I stumbled across a nifty little website today that allows one to create "word clouds". The size of the word represents its frequency of occurrence in the body of text analyzed for the word cloud. The article that brought this to my attention is here, and this is the graphic that they had in the article:
This is the "word cloud" for the most common words used by respondents to a Pew survey asking them to describe Congress. The survey was conducted just prior to passing the Health Care Reform bill.
I found this little web app pretty cool, so I went and played around with it a bit, and then was struck by inspiration. What would a wordcloud look like for the Health Care Reform bill?
Unfortunately, I couldn't copy the entire 2000+ pages of text from the loc.thomas.gov PDF, so I copied the summary of the bill and used that to make the wordcloud. Note the prominence of "Secretary". About as prominent as "Commissar" back in the USSR, eh? The size of "Requires" is pretty scary too.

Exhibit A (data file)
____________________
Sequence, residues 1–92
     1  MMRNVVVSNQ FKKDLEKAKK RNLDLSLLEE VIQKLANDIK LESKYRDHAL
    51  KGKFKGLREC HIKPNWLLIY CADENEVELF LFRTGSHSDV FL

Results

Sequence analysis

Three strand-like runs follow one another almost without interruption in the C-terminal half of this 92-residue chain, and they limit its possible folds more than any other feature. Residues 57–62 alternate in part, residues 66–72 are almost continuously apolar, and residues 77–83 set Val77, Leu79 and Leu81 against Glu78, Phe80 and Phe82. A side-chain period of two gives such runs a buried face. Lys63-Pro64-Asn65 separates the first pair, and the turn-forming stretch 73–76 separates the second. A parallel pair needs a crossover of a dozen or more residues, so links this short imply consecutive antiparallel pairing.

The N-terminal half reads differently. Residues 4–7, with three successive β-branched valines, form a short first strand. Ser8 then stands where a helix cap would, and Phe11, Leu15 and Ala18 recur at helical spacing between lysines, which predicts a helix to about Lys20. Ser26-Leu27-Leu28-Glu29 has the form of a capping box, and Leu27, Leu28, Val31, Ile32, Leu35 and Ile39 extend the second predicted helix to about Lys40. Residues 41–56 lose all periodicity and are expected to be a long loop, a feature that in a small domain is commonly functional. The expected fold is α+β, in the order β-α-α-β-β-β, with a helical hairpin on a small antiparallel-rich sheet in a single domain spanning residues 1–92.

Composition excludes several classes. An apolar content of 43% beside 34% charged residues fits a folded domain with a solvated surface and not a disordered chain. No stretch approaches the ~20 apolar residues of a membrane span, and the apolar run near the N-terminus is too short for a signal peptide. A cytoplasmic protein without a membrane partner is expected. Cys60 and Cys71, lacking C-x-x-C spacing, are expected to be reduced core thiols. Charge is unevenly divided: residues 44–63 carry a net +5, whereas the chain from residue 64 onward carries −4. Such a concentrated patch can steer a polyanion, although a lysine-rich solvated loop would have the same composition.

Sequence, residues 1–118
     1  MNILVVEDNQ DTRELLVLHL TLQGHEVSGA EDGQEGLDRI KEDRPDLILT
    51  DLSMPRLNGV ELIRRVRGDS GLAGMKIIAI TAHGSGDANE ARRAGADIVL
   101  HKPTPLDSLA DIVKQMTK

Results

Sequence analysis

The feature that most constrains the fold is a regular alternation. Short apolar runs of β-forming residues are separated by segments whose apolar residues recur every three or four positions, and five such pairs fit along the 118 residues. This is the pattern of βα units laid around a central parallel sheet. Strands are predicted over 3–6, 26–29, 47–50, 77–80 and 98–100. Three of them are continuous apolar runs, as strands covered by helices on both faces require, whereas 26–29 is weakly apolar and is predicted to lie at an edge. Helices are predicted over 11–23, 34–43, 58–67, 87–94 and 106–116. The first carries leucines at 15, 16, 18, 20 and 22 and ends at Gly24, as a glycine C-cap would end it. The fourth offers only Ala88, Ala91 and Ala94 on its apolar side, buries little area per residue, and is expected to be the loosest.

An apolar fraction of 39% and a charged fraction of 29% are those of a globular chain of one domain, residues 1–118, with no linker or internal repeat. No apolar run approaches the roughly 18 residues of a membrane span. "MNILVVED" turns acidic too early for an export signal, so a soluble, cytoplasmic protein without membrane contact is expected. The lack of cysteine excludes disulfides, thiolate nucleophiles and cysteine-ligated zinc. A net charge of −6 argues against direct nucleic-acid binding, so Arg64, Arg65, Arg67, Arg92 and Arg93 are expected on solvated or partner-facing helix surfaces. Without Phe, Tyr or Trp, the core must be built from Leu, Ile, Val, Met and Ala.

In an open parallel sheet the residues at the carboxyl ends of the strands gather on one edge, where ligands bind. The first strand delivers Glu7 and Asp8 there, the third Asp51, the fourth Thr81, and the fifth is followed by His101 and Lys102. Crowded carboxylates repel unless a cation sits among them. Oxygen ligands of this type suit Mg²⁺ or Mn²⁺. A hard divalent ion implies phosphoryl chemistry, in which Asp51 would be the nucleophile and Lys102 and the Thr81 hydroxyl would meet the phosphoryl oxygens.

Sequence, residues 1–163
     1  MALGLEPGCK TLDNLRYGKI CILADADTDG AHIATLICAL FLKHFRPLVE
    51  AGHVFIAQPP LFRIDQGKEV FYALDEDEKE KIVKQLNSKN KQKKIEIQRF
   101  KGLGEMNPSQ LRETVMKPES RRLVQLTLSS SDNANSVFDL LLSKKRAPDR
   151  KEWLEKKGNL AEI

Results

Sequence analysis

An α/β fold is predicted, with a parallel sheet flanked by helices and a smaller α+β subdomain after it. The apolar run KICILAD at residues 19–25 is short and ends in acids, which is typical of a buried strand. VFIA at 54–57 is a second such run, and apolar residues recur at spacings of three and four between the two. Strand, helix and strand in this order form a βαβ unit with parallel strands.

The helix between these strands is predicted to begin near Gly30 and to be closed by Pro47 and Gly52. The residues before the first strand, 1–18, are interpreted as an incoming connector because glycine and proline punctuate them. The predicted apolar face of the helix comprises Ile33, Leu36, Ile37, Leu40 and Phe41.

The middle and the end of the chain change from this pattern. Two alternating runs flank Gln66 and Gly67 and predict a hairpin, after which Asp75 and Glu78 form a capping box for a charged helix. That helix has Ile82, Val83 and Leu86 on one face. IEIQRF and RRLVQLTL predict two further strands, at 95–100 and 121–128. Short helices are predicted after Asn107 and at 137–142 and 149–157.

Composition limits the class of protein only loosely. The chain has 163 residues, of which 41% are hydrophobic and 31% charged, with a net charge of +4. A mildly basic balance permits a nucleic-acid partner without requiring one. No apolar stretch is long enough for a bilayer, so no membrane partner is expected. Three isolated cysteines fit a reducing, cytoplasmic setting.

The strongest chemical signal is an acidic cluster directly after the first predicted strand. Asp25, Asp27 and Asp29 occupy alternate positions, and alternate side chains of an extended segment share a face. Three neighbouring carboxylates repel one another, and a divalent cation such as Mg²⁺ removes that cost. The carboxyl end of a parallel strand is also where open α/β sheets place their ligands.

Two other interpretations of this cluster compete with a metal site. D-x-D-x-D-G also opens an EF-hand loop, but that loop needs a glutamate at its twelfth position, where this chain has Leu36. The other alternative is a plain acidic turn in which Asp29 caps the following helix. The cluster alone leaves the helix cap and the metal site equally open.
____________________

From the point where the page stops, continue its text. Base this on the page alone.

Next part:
But then inspiration struck again. How would the wordcloud of this, the latest legislation from the United States, compare to our first piece of "legislation"?
That, my friends, is the wordcloud for The Constitution of the United States and the Bill of Rights. Even with an Amendment dealing with specific limitations as to the Office of the President, the "States" are still more prominent than a single person, or even the two groups of legislators.
Perhaps our laws today should be written more like the Consitution than the recent Health Care Reform bill, focusing on the States, rather than specific people in the federal government.
Friday, March 26, 2010
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